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  • Ugly Identity Politics and Ugly Language

    Posted by Ginny on June 2nd, 2018 (All posts by )

    Inspired by a lovely photo of motherly affection and play, Samantha Bee diminished Ivanka Trump with ugly remarks. Such simplification comes from an ugly perspective, characteristic of the Hollywood that applauded Harvey Weinstein, Kevin Spacey, and Roman Polanski, its politics represented by Ted Kennedy and Bill Clinton. Power is all – in boardroom, bedroom, Congress. Bee’s offensive comments were the quintessential vision of “progressives” and post-modernism – power the essence of any relationship, category the essence of identity.

    Raymond, in Gramscian Damage notes that “in the 1930s members . . . got instructions from Moscow to promote non-representational art so that the US’s public spaces would become arid and ugly.” Ugliness begets nihilism begets decline begets suicide. Beautiful (productive, generous, transcendent) ideas are seldom couched in ugly words. The beauty of the individual – a portrait domestic or heroic – is replaced by spiritless representations of the group – the “worker,” “farmer.” Few visions are less likely to produce felicity than seeing familial, parental, spousal relationships in terms of power and “category.” (Nor ones more likely to destroy these bonds.)

    Bee’s choice of noun has been the focus of complaint. I’m generally a bit foul-mouthed (more so than my husband) but I don’t believe I have, literally, ever used that word. I noticed others said that and innocents (my age) needed definitions. Its more clinical cousin – vagina – was also a quiet (if not vulgar) word until the Vagina Monologues and the Vagina March. Such exposure was meant to dispel the mystery of women’s sexuality. Maybe it worked. While the less formal word gave Bee a larger audience, she made it less powerful. And our language a little uglier.

    The word’s ugliness derives from what it does – carving away personhood to a part. Pinker’s subtitle to The Stuff of Thought is “window into human nature.” He sees categories that seem to mean the same but are hugely different: the sex act is described in many ways, but they can generally be divided into the concept of (1) to, e.g., screw you and (2) with, e.g., sleeping together. “To” implies a power differential. Bee sums up a particular woman’s essence with a 4-letter term to which something can be done; hers is not a sense of sexuality that implies mutuality, in which a good deal more than organs are joined. Not surprisingly, the post-modernist obsession with power leads Scaachi Koul to defend Bee’s position, narrowing the relationship to categories and power differential; Bee becomes victim and Ivanka feckless oppressor.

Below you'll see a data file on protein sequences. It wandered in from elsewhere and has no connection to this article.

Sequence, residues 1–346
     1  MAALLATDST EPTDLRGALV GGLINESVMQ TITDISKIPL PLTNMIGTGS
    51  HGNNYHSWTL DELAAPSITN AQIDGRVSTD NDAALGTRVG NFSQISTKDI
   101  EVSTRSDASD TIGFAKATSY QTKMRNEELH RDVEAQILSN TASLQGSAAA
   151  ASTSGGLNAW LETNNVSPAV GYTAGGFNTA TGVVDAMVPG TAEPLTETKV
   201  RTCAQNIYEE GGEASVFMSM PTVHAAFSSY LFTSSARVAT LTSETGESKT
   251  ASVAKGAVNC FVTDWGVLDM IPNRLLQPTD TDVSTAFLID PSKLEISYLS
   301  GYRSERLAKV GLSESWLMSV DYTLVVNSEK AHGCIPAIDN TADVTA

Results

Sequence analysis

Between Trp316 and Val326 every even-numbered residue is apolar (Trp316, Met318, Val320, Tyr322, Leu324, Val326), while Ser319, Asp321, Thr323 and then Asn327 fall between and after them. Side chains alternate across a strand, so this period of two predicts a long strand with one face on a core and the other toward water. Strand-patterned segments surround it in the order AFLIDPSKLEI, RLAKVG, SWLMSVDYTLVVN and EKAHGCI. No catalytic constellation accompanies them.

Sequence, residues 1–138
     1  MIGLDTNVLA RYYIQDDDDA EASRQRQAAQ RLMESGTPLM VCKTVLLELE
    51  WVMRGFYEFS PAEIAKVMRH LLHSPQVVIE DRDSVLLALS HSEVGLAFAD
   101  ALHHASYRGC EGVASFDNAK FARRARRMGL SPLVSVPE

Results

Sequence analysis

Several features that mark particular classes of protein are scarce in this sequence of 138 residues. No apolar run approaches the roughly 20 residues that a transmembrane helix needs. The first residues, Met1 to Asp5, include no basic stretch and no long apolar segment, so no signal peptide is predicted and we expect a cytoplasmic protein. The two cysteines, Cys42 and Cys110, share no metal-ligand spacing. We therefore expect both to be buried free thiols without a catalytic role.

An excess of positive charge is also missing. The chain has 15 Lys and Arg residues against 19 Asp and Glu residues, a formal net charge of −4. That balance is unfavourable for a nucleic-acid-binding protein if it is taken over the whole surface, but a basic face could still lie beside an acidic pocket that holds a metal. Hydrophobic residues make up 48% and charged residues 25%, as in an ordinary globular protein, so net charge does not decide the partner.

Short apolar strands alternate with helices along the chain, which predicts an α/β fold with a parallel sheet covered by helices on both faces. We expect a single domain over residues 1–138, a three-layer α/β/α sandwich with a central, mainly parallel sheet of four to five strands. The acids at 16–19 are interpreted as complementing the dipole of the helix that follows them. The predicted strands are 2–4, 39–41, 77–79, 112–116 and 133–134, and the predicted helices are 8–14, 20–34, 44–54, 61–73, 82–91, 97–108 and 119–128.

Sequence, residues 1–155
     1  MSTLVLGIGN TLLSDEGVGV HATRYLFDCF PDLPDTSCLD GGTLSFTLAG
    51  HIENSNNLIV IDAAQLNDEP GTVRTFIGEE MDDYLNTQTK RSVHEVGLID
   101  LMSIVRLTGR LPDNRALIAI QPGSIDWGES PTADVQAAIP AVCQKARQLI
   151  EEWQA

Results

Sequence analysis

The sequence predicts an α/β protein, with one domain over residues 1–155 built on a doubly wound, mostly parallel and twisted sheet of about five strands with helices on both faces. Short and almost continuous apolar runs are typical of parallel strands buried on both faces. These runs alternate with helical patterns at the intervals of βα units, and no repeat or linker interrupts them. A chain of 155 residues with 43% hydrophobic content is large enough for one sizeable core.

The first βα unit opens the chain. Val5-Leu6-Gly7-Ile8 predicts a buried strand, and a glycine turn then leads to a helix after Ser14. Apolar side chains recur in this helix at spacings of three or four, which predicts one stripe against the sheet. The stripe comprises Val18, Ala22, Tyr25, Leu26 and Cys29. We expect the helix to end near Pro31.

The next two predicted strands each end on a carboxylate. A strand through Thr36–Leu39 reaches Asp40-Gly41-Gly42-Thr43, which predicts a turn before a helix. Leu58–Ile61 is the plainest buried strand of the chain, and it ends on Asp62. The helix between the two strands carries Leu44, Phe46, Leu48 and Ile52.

What followed was also appalling. Apparently attractive woman as sex object limits the perspective of the Samantha Bee and Bill Mahr persuasion. Most of us assume women are partners and opponents, thinking and intuitive, active on the stage of life, not just static objects acted upon. And we certainly see mothers and daughters and sisters as major roles. Of course, Jordan Peterson is right about the power of sexual desire; it is dangerous to ignore as a factor in human interactions. But it is often not a large factor. And familial, parental love is at least as central to an understanding of others. Bee deprecates it even as her argument (somewhat faulty as it turned out) berated them for the separation of families. Bee’s meme (unlike Peterson’s realistic remarks) is degrading. Of course, this is satire, but the humor (minimal at best) arises from the shock of positing that these “others” break the universal taboo of incest. Shock is not humor. But by then we realize we are playing her game when we react. It is what it is and she what she is.